It was a shock to both parents and health care providers to hear the latest word on nasal flu vaccines, which had long been favored as a painless and more effective alternative to flu shots for children. Not this year. An advisory panel to the U.S. Centers for Disease Control and Prevention announced last week that the nasal form is hardly effective at all at preventing flu and should not be used for the 2016-17 flu season.
How could this be? Was it another case of science telling us something inaccurate for years, until research finally uncovered the truth? The public is used to hearing what once were seemingly inarguable truths are now considered myths—the effectiveness of low-fat diets for weight control, for example, or low-cholesterol diets to prevent high blood cholesterol levels.
But the change regarding the nasal flu vaccine recommendation is made of something quite different. It wasn’t the science that changed; it was the actual effectiveness of the vaccine.
For years, studies showed the nasal mist to be not just less frightening to children, but better protection for that age group against flu, probably because it was made of live attenuated virus believed to provoke a stronger immune response. But the most recent rounds of research have found that the flu mist no longer offers that stronger immunity; in fact, it conferred almost no benefit in recent years.
A 2012 review of scientific literature published in Lancet had found that the nasal vaccine was 83 percent effective in young children. But during its most recent meeting, ACIP reviewed studies, from 2013 to 2016, and found that the nasal mist had been relatively ineffective in all of those flu seasons, the Associated Press reported. In 2015-16, the committee found, the nasal vaccine was only about 3 percent effective in children ages 2 to 17—virtually nil.
“We could find no evidence (the spray) was effective,” CDC flu expert Joseph Bresee told AP. But there is no evidence, he said, that the mist’s ineffectiveness in recent years has resulted in any increase in flu deaths.
Yet, far from making families lose faith in flu vaccines, this latest announcement should, if anything, strengthen the public’s confidence in the CDC and its Advisory Committee on Immunization Practices.
The committee meets three times a year to discuss the latest research on vaccines, and has working groups that specialize in the various kinds. As a result, ACIP's immunization schedule is based on the most up-to-date and complete research available; parents who follow the guidelines can be reassured that its recommendations on the flu and all other immunizations are based on a solid foundation of sound science. And when the latest research calls for a change of immunization advice, ACIP can be counted on to act in accordance with the science. This latest recommendation is evidence of that.
The failure of the nasal mist doesn’t mean children shouldn’t be vaccinated.
The flu kills an average of 23,000 people every year in the United States, more than all other vaccine-preventable diseases combined, and affects 5 to 20 percent of the U.S. population every year. Although many of the deaths are in older adults, 77 U.S. children died last year because of flu--many of them previously healthy, with no underlying medical conditions. In short, the flu is a big deal.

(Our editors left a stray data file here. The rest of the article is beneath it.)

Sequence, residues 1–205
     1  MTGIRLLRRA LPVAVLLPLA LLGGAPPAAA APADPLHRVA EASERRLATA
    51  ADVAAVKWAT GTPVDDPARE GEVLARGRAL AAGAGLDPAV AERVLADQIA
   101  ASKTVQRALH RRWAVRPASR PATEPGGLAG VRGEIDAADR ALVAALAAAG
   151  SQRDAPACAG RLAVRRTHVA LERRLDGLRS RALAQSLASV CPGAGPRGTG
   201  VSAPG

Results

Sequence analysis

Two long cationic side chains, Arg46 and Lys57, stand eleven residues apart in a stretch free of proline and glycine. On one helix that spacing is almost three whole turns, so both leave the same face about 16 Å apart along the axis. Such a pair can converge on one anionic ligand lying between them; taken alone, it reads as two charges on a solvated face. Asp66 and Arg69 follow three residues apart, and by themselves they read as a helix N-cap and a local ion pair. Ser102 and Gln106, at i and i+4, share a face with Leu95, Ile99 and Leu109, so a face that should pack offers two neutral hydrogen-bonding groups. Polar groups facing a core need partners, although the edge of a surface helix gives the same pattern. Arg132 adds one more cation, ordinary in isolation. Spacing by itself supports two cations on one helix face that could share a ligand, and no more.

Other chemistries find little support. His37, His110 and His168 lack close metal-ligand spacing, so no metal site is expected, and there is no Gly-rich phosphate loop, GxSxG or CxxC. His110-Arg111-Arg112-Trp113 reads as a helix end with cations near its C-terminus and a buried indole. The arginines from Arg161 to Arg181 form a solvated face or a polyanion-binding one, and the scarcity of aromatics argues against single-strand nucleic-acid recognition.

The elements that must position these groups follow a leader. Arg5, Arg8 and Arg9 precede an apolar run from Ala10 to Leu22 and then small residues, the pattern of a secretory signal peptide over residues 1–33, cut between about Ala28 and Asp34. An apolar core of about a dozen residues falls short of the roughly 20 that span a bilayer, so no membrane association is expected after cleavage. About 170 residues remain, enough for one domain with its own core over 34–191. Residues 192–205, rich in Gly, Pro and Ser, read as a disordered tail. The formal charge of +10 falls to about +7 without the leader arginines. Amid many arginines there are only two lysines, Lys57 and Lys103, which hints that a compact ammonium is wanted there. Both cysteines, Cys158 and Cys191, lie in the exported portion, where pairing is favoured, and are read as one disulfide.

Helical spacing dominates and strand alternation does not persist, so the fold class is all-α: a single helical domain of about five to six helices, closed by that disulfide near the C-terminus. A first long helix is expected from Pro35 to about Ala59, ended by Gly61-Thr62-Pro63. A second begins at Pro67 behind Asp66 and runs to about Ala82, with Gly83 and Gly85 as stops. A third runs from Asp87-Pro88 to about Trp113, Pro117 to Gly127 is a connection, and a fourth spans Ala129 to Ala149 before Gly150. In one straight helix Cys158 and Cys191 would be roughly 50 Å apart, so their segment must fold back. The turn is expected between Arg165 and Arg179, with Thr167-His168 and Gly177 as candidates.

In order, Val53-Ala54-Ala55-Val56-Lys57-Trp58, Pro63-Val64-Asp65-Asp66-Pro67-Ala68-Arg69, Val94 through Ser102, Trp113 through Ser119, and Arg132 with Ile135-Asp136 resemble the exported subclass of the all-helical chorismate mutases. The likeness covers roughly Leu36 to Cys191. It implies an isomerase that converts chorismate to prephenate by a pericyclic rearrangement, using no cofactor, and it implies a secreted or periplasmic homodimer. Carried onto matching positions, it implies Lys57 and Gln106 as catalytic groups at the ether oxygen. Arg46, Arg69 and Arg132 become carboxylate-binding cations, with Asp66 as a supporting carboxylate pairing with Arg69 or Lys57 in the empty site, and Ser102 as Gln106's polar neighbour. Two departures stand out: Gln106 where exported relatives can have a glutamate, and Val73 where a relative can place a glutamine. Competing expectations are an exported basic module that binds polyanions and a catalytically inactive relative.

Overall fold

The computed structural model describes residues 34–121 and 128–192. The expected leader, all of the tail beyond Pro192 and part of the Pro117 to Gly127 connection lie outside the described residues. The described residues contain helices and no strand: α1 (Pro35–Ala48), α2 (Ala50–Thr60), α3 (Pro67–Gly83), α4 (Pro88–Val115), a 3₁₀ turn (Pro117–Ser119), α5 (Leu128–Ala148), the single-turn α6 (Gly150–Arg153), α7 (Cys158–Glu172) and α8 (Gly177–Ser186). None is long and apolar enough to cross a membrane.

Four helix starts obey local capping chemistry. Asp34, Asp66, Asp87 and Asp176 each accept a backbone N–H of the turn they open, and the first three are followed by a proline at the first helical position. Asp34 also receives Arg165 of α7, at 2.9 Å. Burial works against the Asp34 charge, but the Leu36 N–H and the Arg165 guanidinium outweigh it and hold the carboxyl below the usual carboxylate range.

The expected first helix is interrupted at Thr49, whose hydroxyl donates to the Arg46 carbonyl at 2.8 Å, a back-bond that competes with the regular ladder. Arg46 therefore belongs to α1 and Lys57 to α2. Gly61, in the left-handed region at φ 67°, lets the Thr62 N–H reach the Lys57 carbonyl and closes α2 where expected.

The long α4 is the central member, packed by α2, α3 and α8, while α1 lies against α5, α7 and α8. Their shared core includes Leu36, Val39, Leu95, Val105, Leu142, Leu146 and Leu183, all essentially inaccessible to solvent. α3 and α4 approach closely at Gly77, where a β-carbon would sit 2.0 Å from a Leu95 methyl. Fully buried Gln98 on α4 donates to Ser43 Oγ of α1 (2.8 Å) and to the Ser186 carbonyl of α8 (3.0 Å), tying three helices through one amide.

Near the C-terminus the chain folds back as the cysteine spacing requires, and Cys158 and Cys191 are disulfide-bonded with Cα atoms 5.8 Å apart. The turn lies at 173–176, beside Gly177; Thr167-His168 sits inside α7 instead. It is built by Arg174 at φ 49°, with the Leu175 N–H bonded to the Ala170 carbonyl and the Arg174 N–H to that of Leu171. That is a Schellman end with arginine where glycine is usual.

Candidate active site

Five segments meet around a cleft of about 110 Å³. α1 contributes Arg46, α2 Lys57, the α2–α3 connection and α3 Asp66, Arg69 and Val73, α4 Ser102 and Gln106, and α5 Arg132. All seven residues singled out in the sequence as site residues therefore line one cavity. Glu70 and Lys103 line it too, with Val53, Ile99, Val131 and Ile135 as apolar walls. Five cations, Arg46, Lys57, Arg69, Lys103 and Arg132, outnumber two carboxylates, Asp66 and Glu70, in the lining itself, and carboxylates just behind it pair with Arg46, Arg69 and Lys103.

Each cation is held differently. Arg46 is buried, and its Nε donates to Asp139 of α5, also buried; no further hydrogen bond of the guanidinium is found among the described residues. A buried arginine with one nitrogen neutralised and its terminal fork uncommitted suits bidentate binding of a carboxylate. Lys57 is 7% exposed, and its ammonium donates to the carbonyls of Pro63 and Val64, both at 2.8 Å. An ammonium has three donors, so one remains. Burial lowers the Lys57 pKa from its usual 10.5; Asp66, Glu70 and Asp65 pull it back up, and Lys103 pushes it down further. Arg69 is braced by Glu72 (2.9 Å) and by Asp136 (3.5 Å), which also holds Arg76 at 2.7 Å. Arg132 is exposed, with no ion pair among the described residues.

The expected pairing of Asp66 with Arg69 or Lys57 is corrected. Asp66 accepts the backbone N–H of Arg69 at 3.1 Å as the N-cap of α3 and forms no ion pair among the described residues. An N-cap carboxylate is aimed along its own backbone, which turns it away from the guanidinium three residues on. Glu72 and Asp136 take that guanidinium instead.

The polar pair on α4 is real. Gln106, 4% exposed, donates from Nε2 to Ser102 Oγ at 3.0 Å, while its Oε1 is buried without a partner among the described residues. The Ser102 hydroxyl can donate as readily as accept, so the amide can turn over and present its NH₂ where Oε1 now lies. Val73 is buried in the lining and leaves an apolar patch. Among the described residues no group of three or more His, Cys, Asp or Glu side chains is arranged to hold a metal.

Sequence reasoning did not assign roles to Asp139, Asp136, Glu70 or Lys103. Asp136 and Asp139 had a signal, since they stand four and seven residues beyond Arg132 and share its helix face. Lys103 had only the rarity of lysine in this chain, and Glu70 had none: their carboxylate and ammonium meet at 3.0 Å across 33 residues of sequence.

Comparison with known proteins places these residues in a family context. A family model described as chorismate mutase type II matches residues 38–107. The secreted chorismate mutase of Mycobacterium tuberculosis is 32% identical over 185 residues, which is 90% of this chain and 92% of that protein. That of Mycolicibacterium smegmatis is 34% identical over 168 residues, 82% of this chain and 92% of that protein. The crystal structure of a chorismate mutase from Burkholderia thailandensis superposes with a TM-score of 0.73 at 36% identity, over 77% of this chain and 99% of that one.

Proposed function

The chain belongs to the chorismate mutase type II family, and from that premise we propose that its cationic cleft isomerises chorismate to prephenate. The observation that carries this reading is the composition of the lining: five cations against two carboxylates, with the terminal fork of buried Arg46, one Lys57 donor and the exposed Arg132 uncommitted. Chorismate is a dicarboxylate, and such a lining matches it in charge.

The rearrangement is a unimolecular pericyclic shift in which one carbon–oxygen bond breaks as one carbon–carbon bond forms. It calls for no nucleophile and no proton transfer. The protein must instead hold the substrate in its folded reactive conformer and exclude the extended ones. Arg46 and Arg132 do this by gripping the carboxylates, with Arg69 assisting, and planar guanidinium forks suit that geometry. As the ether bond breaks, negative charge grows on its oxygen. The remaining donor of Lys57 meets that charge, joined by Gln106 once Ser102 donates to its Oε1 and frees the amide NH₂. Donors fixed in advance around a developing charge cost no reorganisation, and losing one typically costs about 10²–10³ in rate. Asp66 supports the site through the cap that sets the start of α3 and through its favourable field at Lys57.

Flu shots, ACIP found, were 67 percent effective for all age groups. The only responsible conclusion was to recommend against the nasal mist and direct families to the more effective injected flu vaccine, which ACIP recommends for everyone over the age of 6 months.
That wasn’t a painless decision for the children who used to get the nasal vaccine or for doctors and medical centers that administer them to patients. Many clinics place their orders early in the year, AP reported, which could lead to problems for the vaccination programs meant for children. The nasal mist has represented only 8 percent of flu vaccinations, but a third of those for children.
Still left to be determined is why the nasal mist has lost its mojo.
One factor seems to be the H1N1 virus, one of several flu viruses targeted by the nasal mist. A January study in the journal Pediatrics found that the nasal vaccine was very effective against two other types of flu virus, but not H1N1, which has been particularly prevalent in recent years.
According to LiveScience, the particular strain of H1N1 used in the vaccine might be implicated, because studies hint that it might provoke less of an immune response. Another possibility, LifeScience reported, is that this H1N1 strain might be more susceptible to degradation at higher temperatures. But there could be other factors as well, Forbes reported, including weakened immune response after repeated use.
The decision by ACIP doesn’t mean that the nasal mist will never be effective again. There could be changes in the formulation, or changes in the predominant flu strains. Families should continue vaccinating—albeit with the kind of vaccine that pinches. Bring tissues.
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